While it would be incredibly easy to just use  E[(X-)] as our formula for calculating variance, it poses a lot of complications and so mathematicians devised a better, more accurate formula which uses squared values.  

Our golden formula for Variance is thus:-


or Var(X)=E[X2]-(E[X])2  which is derived from the same formula above.

What it means is simple, if X is a random variable with a mean value of , then its variance is the difference between the expected value of the square of random variable X and the square of the expected value of random variable X. 

At its core, we’re just measuring how far random value X will fall from the mean in either direction.

What is Covariance?

Covariance is how we measure the joint variability of two random variables. If variance is the spread of data for random variable X. Say we have another random variable Y, which impacts variable X. The covariance of two random variables X and Y, which is denoted mathematically by Cov(X,Y) is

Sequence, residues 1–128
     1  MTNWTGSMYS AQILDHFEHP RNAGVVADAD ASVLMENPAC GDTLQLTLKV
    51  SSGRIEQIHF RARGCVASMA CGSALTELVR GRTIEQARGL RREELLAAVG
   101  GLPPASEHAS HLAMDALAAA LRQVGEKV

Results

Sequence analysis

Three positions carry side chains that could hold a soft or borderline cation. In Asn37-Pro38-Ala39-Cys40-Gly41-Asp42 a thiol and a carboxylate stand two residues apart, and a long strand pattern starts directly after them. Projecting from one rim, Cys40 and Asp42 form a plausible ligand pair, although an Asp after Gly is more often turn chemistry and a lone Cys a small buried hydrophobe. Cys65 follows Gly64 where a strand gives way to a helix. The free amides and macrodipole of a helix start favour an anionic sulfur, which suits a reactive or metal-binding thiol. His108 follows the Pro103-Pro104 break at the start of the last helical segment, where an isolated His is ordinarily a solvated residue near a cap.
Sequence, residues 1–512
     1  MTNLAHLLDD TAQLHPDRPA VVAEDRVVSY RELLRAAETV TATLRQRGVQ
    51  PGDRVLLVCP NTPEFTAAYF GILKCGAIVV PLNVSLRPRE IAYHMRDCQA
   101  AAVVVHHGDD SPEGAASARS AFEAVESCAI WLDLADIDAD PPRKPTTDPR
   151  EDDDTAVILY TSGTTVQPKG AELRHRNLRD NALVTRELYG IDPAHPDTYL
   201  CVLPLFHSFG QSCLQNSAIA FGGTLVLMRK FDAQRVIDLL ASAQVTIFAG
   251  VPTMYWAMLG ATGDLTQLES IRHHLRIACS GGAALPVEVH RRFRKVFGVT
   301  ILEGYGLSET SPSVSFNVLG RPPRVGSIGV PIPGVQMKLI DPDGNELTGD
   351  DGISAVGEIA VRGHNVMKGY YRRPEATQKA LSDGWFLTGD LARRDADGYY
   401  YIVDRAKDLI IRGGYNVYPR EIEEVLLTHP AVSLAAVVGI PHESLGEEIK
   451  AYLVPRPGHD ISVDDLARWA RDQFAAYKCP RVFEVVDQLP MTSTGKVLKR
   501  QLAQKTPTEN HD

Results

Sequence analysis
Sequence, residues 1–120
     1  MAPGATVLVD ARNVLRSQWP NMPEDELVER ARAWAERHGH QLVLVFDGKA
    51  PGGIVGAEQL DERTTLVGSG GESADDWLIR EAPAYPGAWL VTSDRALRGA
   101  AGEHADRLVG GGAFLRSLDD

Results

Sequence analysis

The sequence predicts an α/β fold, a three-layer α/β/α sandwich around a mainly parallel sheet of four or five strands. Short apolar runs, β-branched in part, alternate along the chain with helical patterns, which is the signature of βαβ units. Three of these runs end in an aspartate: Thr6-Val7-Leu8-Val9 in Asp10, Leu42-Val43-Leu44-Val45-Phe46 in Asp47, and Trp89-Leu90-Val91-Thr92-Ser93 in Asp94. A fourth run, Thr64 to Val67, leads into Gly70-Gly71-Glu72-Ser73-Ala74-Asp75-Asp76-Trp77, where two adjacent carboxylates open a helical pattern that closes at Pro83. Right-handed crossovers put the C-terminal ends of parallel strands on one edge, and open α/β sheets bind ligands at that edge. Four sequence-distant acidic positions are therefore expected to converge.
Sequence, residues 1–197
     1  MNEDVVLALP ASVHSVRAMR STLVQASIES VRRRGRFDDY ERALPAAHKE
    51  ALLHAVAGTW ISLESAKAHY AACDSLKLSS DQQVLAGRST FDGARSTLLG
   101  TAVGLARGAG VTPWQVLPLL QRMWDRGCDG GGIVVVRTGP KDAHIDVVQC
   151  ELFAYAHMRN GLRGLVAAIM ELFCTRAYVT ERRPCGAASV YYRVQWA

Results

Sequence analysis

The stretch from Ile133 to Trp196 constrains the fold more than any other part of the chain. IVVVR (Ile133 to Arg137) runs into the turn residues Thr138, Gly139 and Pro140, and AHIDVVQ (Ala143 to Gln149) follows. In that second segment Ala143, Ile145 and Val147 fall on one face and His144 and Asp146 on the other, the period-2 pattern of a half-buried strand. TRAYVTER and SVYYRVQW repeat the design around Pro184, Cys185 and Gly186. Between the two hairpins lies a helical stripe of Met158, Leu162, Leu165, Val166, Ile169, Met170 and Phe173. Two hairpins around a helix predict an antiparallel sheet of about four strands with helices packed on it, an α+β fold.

or Cov(X,Y)=E[XY]-E[X]E[Y]  which is derived from the same formula above.

This translates to “the covariance of random variables X and Y is the expected values of each multiplied together, deducted from the joint distribution of X and Y.”

Why do we need covariance at all? Let’s say random variable X is the scores of students on an Algebra III test. Random variable Y is the scores of students on a Physics I test.  

Professors have found that these two subjects generally have an impact on the other, so they want to see how people’s scores vary on them together. Will a student who scores low in Algebra III also score low in Physics I?  

Covariance can help us find the answer to that question! Knowing the variance of each distribution alone cannot.


In conclusion, the difference between variance and covariance is quite simple. While variance is the spread of our data from the expected value for one random variable’s distribution, covariance is the spread of data for two joint random variables. 

All in all, understanding how random variables work, and what expected values are is key to understanding the difference between the two, and the basis for statistics and probability as a whole. 

What is the Difference Between Variance and Covariance?